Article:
Midwinter. 7am. It’s barely light.
While many people are snuggling under duvets, Sally Bird and a few hardy bathers slip into the water off Shore Road in Sandbanks.
The sounds of laughter fill the air. You won’t hear the squeak of a wetsuit: these swimmers are made of sterner stuff than that.
I use the term swimmers in the loosest form. These are the bobbers, the splashers, the gigglers – those who rejoice in just being outside in mother nature’s hug.
“I’m having an absolute ball,” said Sally, 63, who founded the Facebook group Beyond the Blue to unite fellow sea dippers.
“We are all shapes and sizes, and from various backgrounds. I’ve yet to meet a miserable swimmer.”
Until recently, despite living in Poole for 36 years, Sally had rarely snuck a toe into the water. Then a bout of ill health made her look at life differently.
“I suddenly became out of breath. There were times I couldn’t walk from one room to another. I had chronic obstructive pulmonary disease then aspergillosis which took its toll on my respiratory system. In March 2010 I was so pleased to be finally off the steroids, but two days later I came off my bike and broke my back. So much for celebrating my 60th birthday!”
“Early last year I read how good it was for the immune system to walk on the beach along the water’s edge. So there I was at Sandbanks at 5.30am, on a beautiful morning with the sun out. I remember looking out to sea thinking I wanted to be out there, in it.”
After the first tentative dip she was hooked. “It was so cold, but so invigorating,” said Sally. She took herself to Shore Road for a quiet swim a couple of times a week thereafter.
“But then the summer ended and the Swim Zones and life guard station were taken away. Suddenly I was nervous of swimming alone.
“I wanted to join up with other swimmers, so I contacted East Dorset Open Water Swimming Club (the nearest of the clubs in the Poole Bay area) but as they frequently swam in excess of a mile, and I could only do breaststroke, they were concerned for my safety and that I would be left behind.”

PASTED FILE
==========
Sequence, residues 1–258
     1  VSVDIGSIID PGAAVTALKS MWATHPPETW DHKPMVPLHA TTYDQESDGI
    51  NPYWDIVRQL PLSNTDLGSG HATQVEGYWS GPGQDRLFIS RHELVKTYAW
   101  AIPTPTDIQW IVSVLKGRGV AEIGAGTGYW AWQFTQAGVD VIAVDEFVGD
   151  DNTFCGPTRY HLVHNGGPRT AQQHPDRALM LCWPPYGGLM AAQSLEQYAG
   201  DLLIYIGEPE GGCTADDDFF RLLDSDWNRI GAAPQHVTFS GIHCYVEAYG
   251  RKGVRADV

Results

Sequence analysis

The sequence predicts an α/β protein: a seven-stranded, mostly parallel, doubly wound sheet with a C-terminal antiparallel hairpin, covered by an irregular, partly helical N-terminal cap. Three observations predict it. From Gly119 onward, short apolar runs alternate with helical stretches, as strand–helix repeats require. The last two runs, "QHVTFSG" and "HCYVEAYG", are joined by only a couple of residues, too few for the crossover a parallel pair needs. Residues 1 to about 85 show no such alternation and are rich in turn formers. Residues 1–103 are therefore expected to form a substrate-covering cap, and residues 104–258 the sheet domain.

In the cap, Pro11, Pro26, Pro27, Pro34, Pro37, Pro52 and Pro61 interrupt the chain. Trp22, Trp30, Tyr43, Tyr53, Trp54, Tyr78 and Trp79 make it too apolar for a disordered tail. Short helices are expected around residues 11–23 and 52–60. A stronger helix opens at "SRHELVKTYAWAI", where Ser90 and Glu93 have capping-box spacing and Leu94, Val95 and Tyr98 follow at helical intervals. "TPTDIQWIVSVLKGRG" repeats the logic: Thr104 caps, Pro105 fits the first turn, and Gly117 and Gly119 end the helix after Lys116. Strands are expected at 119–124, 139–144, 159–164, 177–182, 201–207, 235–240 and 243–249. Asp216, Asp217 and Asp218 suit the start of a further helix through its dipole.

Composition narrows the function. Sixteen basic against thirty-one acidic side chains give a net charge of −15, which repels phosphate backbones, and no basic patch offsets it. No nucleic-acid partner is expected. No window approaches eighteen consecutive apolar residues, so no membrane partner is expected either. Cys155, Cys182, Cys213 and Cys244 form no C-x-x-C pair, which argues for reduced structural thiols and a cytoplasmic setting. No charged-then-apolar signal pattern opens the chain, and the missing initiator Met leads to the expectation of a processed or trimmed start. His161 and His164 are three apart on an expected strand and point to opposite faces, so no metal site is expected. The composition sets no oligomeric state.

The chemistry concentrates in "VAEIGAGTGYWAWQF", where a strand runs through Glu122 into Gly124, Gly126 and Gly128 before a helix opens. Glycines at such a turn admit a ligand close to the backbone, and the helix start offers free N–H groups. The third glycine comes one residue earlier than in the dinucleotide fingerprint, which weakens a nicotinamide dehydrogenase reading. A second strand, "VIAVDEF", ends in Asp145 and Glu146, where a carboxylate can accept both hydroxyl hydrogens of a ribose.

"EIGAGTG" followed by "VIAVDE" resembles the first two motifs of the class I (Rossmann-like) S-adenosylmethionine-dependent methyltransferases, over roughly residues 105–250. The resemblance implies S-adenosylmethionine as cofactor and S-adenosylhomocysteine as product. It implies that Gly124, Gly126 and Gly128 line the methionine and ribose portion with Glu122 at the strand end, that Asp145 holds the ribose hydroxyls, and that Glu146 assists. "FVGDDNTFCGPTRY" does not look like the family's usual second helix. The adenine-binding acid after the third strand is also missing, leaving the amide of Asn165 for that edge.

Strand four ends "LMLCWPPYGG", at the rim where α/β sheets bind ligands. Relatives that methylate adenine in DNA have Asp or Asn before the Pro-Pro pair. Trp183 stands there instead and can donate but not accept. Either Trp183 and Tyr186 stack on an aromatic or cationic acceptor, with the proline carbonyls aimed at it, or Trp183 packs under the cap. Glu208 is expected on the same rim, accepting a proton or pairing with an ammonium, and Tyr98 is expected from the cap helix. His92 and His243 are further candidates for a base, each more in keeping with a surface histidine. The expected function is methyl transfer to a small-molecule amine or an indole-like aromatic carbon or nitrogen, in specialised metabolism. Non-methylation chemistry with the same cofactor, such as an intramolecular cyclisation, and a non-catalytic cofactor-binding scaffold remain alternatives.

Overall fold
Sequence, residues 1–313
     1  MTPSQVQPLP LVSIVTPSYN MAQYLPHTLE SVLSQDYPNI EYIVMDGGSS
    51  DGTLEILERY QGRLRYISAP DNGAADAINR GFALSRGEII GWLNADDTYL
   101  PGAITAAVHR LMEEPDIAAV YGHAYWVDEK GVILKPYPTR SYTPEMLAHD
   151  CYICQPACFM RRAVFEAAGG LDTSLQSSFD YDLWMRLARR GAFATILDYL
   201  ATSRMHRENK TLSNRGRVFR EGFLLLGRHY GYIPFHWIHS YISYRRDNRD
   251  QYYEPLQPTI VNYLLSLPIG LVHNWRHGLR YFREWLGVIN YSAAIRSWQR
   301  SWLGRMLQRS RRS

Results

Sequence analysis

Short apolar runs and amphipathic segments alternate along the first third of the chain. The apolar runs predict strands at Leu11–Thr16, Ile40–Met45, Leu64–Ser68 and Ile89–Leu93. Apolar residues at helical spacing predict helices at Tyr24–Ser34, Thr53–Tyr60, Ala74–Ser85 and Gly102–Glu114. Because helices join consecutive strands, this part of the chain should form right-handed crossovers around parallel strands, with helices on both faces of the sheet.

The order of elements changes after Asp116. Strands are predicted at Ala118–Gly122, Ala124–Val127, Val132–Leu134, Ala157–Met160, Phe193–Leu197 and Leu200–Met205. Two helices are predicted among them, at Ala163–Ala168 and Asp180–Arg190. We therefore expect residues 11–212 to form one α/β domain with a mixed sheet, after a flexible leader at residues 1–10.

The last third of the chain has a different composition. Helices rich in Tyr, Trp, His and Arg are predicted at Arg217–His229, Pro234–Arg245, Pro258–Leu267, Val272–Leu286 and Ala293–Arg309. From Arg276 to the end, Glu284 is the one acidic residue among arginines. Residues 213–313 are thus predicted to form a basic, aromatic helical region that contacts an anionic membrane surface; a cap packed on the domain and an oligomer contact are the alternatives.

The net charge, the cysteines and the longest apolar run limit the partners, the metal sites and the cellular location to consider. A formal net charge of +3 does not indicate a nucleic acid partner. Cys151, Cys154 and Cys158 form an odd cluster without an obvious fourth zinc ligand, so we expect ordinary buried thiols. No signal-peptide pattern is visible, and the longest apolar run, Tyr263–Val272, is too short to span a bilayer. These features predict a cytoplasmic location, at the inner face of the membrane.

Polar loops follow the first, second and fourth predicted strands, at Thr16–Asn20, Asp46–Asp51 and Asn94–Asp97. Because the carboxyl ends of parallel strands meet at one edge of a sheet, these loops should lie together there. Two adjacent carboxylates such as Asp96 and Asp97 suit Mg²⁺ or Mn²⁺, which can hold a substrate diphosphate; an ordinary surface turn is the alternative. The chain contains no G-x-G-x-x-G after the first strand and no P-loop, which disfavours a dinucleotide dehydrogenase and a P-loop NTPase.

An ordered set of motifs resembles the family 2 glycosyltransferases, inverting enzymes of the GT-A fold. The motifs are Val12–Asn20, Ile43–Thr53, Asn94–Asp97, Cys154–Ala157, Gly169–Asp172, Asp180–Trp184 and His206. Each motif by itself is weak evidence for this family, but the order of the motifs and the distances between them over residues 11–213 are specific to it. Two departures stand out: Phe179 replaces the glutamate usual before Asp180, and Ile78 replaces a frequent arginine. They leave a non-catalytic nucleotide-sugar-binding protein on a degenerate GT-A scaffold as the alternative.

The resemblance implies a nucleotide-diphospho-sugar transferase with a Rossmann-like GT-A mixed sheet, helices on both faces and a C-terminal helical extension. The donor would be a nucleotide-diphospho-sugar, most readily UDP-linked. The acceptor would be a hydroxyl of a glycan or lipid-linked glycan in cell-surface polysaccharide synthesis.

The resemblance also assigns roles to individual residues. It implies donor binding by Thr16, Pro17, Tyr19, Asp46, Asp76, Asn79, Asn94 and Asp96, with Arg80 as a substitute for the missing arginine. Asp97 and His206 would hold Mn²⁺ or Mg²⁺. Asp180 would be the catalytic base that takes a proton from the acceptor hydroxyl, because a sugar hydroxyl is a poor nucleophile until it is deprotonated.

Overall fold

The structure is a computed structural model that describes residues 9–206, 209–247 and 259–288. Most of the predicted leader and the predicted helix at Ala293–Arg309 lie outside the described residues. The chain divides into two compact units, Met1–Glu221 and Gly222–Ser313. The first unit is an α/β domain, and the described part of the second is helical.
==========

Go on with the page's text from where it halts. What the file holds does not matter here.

In September she contacted somebody who she noticed swam from Shore Road – Glenda Cardy - and they met up for a swim at 6am. “What a character!” said Sally. “I loved being in the middle of the sea, in the dark, chatting, laughing and of course swimming.”
Glenda generally swims at 4 o’clock every morning and is recognised by her orange woolly hat aka Tangerine Dream. Then another girl joined them, Lisa. Little did Sally know she was about to start a group.
The Beyond the Blue Facebook group now has 110 members, with one living as far away as Australia. “Some people come to Poole on holiday and join us when they can.
“Providing you can swim, you are responsible for your own safety but we all keep an eye on each other. Through the group I am privileged to have met and swum with some excellent swimmers, relay and cross-channel swimmers, ice swimmers. And then there is me.”
Others moored on dry land offer sage advice to the bathers through the site such as weather warnings, tips on snug clothing, and to only stay in the water the equivalent amount of minutes as the water temperature.
The coldest Sally has experienced off these shores was about a month ago when her thermometer read 7.1 degrees. Her very first outing involved a wetsuit, but nowadays she relies on bioprene. “That’s when you have enough fat on your own body to keep you warm!” she laughed.
“Once in the sea you don’t feel cold. You feel alive. I even shouted that to myself once in the sea. I still try to go twice a week. My health has improved and I have so much more well being.”
Sally’s confidence also sky rocketed. So much so she plucked up courage to register for the Bournemouth Pier to Pier swim in July.
“I’ve even progressed to front crawl!” she said.
“Thanks must go to Jeff Sandley from The Junction in Broadstone, who has been coaching me one-to-one on front crawl. Without his help I don’t think I’d be swimming the Bournemouth Pier to Pier very quickly!”
But for Sally, one of the main reasons she slips into a cozzie twice a week is to soak up the beautiful surroundings.
“I have got to my age and only now realise what a pleasure it is to see a sunrise, especially while in the sea. I get into the sea in the dark then, on a good morning, see a fabulous sunrise. It literally throws a red light across the sea and onto the buildings along Shore Road. Just amazing.”
- To find out more about Beyond the Blue, contact 07982 252155.